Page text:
Writing in New York Times Magazine, Siddhartha Mukherjee, a physician and author, explores the difficulty of predicting patient death by recounting the "death-sniffing skills" of a nursing home cat—and the potential of a new algorithm designed to help doctors identify the palliative care "sweet spot."
Death: 'The ultimate black box'
Doctors, Mukherjee writes, "have an abysmal track record of predicting which of our patients are going to die." He cites a survey from researchers at University College London that found while "some doctors predicted deaths accurately," other physicians "underestimated death by nearly three months; yet others overestimated it by an equal magnitude."
In fact, Mukherjee spotlights the story of a black-and-white cat, named Oscar, who "was apparently better than most doctors at predicting when a terminally ill patient was about to die." A case study of the cat appeared in the New England Journal of Medicine in 2007, and explains how Oscar would sniff the air and curl up around patients near death at the Steere House nursing home in Rhode Island. Oscar correctly identified 50 near-death patients, Mukherjee writes, but "no one knows how the cat acquired his formidable death-sniffing skills."
Touching on his own experience incorrectly assessing the likelihood of death of one of his patients, Mukherjee states, "Death is our ultimate black box."
An algorithm that predicts death
"But what if an algorithm could predict death?" Mukherjee posits, spotlighting a project spearheaded by Anand Avati, a computer science graduate student at Stanford University, along with a team from the university's medical school.
Avati and his team set out to "teach" an algorithm how to identify which patients were going to die within three to 12 months, as that timeframe is optimal for providing palliative care. Such information "would allow doctors to use medical interventions more appropriately and more humanely," Mukherjee explains. Plus, with the algorithm, "palliative-care teams would be relieved from having to manually scour charts, hunting for those most likely to benefit."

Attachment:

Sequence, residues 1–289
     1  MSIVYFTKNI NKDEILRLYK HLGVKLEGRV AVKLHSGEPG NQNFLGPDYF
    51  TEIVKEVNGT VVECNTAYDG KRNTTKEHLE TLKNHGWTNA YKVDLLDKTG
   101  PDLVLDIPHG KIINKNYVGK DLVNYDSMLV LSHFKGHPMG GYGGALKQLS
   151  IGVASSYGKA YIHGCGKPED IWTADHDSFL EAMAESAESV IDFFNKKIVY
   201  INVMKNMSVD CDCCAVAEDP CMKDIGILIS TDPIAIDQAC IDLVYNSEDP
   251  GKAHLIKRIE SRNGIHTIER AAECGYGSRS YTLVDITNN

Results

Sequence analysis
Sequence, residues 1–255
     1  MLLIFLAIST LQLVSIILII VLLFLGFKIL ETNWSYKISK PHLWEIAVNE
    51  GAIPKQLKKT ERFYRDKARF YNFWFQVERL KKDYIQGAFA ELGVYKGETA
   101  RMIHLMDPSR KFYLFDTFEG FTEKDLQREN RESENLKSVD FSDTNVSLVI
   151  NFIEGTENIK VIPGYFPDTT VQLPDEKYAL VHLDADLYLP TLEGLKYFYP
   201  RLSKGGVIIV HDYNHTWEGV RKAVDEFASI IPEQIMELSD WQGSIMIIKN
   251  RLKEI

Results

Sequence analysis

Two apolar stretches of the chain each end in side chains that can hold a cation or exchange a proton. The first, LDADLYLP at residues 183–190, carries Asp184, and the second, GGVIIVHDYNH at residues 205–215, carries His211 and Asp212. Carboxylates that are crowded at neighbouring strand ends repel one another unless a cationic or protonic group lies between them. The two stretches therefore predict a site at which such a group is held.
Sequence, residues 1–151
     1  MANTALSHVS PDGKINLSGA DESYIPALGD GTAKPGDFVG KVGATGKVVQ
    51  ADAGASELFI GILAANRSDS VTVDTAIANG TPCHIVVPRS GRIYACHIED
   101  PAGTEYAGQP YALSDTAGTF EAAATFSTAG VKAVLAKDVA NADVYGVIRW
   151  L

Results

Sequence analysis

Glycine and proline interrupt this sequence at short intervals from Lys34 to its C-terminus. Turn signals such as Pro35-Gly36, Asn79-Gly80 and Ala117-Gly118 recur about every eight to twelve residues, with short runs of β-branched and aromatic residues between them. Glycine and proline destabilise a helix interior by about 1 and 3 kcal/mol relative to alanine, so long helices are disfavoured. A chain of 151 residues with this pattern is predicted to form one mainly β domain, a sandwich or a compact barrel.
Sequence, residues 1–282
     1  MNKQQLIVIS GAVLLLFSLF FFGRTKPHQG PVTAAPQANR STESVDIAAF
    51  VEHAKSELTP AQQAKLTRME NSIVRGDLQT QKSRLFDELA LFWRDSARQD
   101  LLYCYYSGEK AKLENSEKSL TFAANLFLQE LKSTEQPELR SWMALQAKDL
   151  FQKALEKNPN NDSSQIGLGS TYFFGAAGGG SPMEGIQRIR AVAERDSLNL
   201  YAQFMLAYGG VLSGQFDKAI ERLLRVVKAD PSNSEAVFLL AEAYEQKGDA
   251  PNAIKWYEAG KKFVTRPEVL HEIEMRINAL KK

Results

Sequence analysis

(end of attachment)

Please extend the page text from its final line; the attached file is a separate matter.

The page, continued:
To teach the algorithm, Avati and his team relied on hospital medical record data from a sample of about 200,000 patients with illnesses, such as heart disease and cancer, and used the information as a "proxy time machine." For instance, the team would identify when a patient passed away and then would scroll back in his or her medical records to "collect and analyze medical information before" the optimal palliative care timeframe for that patient in order to find what information "would enable a doctor to predict a demise in that three-to-12-month section of time." The team fed the data—which was both "objective" and "standardized across patients"—into a kind of software architecture called a "deep neural network," which then "adjust[ed] the weights and strengths of each piece of information ... to generate a probability score that a given patient would die within three to 12 months," Mukherjee explains.
After "absorb[ing] information from the nearly 160,000 patients to train itself," the algorithm was used on the remaining 40,000 patients—with surprisingly solid results, Mukherjee writes. Overall, "the false-alarm rate was low," Mukherjee states, noting that about 90% of patients whom the algorithm predicted would die within three to 12 months did, and 95% given a low probability of death survived for longer than 12 months. However, "the rub" of the algorithm is that "it cannot tell us why it has learned," Mukherjee says—the question of "why" remains, "like death, another black box."
Nonetheless, the box can shed light on "expected and unexpected patterns," Mukherjee writes. For instance, Mukherjee explains one patient who died within the predicted window had more obvious signs of impending death, such as bladder and prostate cancer as well as 60 days of hospitalization. But at the same time, the algorithm gave "a surprising amount of weight" to "the fact that scans were made of his spine and that a catheter had been used in his spinal cord," which Mukherjee says are "features that [he] and [his] colleagues might not have recognized as predictors of dying."
'Inherent discomfort' lingers
Despite the promise of such an algorithm, however, Mukherjee says he "cannot shake some inherent discomfort with the thought that an algorithm might understand patterns of mortality better than most humans."
And why, he concludes, "would such a program seem so much more acceptable if it had come wrapped in a black-and-white fur box that, rather than emitting probabilistic outputs, curled up next to us with retracted claws?" (Mukherjee, New York Times Magazine, 1/3).
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